• Including processing/transformative assignments in class time. I wrote about this a little before, but it's become a big thing for me. Any time I plan a lesson and I think 'there's not enough time, have them do it as homework' it's a sign that it's time to reevaluate the lesson, make sure I'm keeping it simple, and make time.
I'd been meaning to write about some more of my stuff that's worked lately, and post some good links, but I've been ignoring the internet lately. I'll be back, don't worry.

Sunday, February 10, 2008

Games, dream electives, and why I want a 20th century history course to be taught in 11th grade.

It's been a busy week. I've been starting a new semester, new units, generally trying to do a better job of staying caught up and taking a Spanish class. I wanted to make sure that I posted a couple of thoughts before they escaped my brain though.

1) I love it when I can make a game out of something to introduce it. This week was the "Scramble for Africa" game. (The day after I finished playing it with my classes, I found a nicer "Scramble for Africa" game someone had made. I now have a whole plan on how to make a totally cool, SMARTboarded up, version. Next year, though. Now I need to concentrate on teaching World War 1.)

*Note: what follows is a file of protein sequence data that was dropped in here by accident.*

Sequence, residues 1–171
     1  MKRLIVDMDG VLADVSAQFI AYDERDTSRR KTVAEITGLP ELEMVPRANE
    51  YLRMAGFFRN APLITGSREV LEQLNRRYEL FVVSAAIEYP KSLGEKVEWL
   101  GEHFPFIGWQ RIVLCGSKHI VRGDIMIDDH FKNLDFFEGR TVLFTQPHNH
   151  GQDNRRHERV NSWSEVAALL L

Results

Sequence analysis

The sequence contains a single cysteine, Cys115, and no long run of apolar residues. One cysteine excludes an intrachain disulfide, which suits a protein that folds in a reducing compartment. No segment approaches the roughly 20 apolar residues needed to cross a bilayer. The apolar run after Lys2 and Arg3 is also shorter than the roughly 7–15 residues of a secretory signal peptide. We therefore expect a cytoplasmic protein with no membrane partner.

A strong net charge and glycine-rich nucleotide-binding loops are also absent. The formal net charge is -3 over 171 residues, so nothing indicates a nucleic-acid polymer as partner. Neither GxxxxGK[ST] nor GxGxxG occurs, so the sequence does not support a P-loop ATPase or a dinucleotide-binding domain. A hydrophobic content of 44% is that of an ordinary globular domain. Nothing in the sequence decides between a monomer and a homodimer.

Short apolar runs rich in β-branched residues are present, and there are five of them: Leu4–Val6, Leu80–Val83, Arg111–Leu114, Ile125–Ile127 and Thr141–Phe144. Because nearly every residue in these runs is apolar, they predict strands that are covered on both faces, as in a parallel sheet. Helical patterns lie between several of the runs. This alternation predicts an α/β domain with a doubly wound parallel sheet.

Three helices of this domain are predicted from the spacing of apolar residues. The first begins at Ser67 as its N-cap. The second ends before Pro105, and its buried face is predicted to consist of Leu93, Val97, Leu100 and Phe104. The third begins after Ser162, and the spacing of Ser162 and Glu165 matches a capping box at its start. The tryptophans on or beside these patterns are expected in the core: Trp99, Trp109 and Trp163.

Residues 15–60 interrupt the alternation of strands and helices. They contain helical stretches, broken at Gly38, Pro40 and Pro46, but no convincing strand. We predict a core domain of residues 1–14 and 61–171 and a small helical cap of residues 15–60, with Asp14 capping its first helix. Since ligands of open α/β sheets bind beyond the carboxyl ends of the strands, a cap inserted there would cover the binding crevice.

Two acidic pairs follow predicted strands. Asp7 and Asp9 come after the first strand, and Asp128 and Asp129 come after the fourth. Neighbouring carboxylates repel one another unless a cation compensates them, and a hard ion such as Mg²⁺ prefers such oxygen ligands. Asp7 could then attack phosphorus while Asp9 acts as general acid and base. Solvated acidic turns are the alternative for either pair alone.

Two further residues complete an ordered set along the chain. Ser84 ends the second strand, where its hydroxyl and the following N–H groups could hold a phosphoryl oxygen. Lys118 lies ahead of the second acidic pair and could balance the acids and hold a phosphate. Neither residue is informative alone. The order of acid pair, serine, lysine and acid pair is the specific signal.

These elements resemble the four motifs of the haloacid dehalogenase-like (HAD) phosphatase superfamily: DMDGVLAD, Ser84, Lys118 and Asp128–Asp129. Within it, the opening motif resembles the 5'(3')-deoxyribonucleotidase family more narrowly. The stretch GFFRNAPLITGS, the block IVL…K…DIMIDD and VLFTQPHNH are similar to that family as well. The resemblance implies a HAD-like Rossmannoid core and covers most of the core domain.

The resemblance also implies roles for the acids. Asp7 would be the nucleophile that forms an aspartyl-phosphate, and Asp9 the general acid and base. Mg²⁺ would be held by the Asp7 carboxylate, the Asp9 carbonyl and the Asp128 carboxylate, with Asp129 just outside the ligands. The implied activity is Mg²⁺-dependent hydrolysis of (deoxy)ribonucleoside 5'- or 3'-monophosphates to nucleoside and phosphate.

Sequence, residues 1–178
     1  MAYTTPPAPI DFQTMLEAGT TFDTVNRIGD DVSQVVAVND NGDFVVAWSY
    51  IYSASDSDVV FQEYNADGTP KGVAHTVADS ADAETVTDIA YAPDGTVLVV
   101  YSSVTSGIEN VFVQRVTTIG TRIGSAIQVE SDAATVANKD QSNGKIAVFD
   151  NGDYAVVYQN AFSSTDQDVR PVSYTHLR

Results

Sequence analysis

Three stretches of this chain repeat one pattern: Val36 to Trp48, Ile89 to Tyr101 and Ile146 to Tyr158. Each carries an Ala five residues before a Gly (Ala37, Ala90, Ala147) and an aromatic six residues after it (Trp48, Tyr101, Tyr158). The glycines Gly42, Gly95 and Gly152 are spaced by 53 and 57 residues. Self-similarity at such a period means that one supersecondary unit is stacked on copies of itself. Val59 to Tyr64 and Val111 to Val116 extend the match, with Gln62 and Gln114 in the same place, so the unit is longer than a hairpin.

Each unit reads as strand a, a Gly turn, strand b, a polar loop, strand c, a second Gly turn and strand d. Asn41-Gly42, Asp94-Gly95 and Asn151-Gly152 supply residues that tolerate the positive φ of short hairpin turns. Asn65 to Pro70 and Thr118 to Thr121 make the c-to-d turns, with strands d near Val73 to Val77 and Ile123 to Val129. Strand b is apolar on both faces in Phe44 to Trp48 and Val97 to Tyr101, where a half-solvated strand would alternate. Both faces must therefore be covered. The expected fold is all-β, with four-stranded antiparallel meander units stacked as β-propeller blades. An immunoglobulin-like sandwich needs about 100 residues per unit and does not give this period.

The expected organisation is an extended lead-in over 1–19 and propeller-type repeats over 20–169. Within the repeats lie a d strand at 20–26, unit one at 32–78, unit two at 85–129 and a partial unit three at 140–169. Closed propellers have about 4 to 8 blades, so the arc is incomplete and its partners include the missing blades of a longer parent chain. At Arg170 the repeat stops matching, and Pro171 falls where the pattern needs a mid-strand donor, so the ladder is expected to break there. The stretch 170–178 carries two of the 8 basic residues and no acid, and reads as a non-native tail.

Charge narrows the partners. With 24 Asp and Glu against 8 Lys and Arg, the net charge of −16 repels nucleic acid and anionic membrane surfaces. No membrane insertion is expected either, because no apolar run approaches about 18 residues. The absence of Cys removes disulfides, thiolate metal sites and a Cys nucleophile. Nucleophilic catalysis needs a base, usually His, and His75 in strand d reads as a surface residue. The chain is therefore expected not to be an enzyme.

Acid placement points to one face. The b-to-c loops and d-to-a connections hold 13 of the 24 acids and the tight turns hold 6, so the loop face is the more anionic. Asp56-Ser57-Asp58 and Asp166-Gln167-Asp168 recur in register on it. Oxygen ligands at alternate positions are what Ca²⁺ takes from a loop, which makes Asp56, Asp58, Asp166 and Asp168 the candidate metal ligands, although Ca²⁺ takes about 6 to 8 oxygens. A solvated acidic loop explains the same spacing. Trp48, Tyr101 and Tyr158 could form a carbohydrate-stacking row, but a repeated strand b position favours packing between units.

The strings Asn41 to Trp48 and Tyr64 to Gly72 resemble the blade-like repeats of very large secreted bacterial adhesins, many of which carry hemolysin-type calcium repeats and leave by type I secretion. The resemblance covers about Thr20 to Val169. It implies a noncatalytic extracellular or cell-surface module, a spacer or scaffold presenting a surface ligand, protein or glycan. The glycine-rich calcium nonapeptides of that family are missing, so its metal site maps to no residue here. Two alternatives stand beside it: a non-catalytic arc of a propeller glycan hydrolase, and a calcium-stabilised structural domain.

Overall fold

2) World/European History and American history classes should all stop around 1890. Then you should do a 20th century/modern history class that combines the two. Seriously, February-May is annoying. I teach about World War 1 in US and then the next week I'm teaching it in World. I feel like I'm getting planning whiplash. It's not exactly the same curriculum, since the emphasis is different. (Example: with the Great War, in US I emphasize why we got involved and the 14 points, whereas World emphasizes the actual course of the war, Russian Revolution and overall Treaty of Versailles effects.)

Considering how much I had to reteach my US class that was supposed to be in the World curriculum, and how truncated those emphases are without each other, it makes much more sense to devote an entire course to the 20th century and include both perspectives in it. (This might also give us a chance to do a better job at including Latin American, African and Asian perspectives on a lot of these events.)

3) I'm working on a dream electives list.
  • There's already the "Media and American History" one that Tom and I wanted to teach together.
  • I also want to teach "History vs Hollywood" as a semester course. The students would vote on 5 "historical" movies for us to examine, and it'd be very project-centered, encouraging them to use the research on the accuracy of the movie to jump off into research/projects about the time period.
  • "Italian City-States: A Historical Soap Opera" would be fun, although I'd need to dust up on my Florentine intrigue.